Where Durkheim and Marx, for example, saw culture more as a means of control, we now see culture as being in a constant state of transition and the human subject’s role is one of action, encouraging change over stagnation.New definitions of ‘culture’ have moved beyond expressing only the identity of a community, to “the processes, categories and knowledge through which communities are defined as such: that is, how they are rendered specific and differentiated” (Donald & Rattansi, 1993, p. If the key to understanding culture(s) is to ask how they are different, we can see the way that cultures use signifying systems as having new importance.This comment stirred a debate about immigration in a country which is home to approximately 4 million Muslims.In Britain the BBC reported a similar statement from David Cameron who linked multiculturalism to terrorism.Hall (2000) proposes a theorisation of identity as a form of self-representation that is able to constitute us as new kinds of subjects, and thereby enable us to discover places from which to speak.This transforming of identity opens up new trajectories for speaking which in the arts may be expressed through embodied forms such as gestures of movement, sight and sound.
A discussion of the unresolved tensions between biculturalism and multiculturalism in a society where different ethnicities try to assert themselves is also one of the main themes of this compilation.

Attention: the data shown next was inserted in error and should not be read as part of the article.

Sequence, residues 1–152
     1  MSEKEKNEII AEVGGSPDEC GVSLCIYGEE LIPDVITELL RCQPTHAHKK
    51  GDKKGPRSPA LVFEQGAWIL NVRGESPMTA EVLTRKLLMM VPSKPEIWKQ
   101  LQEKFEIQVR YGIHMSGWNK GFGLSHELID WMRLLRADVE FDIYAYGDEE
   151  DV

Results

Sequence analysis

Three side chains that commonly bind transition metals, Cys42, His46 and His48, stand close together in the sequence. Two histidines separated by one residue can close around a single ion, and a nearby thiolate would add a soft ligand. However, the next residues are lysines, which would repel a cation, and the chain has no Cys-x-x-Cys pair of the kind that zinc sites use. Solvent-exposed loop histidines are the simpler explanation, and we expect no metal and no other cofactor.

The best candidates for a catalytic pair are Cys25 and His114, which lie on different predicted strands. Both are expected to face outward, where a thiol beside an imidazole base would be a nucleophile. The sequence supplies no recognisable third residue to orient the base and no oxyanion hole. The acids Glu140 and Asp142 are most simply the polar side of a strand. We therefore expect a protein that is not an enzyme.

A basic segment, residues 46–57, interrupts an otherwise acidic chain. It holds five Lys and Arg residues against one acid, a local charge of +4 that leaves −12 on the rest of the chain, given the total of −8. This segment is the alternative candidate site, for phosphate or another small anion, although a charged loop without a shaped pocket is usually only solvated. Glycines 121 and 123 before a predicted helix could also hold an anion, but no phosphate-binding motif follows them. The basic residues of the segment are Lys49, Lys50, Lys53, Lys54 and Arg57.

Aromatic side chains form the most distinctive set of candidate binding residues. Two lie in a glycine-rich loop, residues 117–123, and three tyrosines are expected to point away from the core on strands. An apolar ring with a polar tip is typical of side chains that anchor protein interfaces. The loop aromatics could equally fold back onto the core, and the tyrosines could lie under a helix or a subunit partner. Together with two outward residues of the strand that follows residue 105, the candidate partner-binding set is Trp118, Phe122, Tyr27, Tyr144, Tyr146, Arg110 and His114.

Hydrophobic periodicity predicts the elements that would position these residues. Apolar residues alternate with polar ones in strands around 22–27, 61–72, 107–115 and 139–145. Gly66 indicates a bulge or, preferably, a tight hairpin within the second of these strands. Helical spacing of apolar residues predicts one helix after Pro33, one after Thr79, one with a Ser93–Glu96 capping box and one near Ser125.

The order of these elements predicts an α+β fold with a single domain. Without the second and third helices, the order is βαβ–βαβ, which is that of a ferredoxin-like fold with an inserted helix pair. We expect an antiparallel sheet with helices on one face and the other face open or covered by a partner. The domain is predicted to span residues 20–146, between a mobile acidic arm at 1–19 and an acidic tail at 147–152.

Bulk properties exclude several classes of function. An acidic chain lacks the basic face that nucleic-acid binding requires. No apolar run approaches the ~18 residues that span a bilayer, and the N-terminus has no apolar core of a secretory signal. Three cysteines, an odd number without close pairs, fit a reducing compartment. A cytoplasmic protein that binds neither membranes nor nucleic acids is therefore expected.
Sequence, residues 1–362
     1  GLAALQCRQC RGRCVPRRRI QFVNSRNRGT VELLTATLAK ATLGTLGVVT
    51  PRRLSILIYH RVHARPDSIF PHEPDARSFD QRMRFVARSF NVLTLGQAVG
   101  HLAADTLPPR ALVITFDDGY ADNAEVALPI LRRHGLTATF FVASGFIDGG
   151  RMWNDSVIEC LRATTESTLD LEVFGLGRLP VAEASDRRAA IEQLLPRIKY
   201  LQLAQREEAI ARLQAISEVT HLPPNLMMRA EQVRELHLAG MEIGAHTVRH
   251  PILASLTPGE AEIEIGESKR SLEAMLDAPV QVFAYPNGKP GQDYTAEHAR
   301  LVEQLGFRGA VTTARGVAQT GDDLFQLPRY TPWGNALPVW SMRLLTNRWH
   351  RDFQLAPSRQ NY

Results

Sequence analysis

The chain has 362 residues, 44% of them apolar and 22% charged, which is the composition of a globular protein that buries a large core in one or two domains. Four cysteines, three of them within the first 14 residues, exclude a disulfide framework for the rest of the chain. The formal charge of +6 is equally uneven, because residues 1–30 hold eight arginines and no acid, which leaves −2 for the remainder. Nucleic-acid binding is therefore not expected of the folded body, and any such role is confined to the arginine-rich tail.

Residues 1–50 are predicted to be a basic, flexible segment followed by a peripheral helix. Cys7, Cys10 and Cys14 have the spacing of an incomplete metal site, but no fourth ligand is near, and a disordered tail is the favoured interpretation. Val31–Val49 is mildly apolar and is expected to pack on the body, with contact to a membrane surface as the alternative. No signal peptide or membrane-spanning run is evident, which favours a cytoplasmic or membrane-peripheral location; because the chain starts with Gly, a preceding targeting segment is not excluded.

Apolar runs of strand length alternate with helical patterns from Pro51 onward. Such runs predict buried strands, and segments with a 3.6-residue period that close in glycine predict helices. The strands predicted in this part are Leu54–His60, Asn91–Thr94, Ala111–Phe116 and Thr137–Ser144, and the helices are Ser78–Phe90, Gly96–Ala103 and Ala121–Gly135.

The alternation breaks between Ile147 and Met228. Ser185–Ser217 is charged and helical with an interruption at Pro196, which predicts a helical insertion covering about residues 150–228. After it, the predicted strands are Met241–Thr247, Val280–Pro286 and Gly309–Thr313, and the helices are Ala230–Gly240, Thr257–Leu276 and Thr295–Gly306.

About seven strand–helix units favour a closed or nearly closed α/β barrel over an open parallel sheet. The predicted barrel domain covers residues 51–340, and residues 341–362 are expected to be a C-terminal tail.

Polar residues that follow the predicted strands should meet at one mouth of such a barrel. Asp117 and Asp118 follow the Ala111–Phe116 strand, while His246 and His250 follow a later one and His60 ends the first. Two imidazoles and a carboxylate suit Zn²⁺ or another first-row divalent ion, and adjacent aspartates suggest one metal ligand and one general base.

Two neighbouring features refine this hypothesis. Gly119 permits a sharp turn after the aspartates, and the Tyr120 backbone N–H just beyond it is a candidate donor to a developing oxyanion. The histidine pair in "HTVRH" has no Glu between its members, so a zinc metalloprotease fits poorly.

Culture is created by human interaction, which in turn shapes how human beings see the world.
‘Culture’ is the filter through which we interpret our daily experiences, and our perceptions of the ‘real’ are a product of negotiated and socially created meaning.
Elliot Eisner in his response to draft document (personal communication, August 3, 1999) stated that “Because New Zealand is multicultural you have a golden opportunity to illustrate the impact of culture on the forms humans use in the arts to establish community, to celebrate major events in their lives, and to generally enrich life.
Yours is a living laboratory of such possibilities and those possibilities should be exploited.” The arts are powerful agents for the development of knowledge and understanding, for the nurturing of sensitivity and imagination, and as a rubric for socio-cultural representations of meaning and ceremony.